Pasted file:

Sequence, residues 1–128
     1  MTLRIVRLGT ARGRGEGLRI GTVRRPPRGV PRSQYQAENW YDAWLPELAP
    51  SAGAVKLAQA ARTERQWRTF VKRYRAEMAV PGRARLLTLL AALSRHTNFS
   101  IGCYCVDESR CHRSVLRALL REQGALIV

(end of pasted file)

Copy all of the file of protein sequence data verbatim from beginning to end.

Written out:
Sequence, residues 1–128
     1  MTLRIVRLGT ARGRGEGLRI GTVRRPPRGV PRSQYQAENW YDAWLPELAP
    51  SAGAVKLAQA ARTERQWRTF VKRYRAEMAV PGRARLLTLL AALSRHTNFS
   101  IGCYCVDESR CHRSVLRALL REQGALIV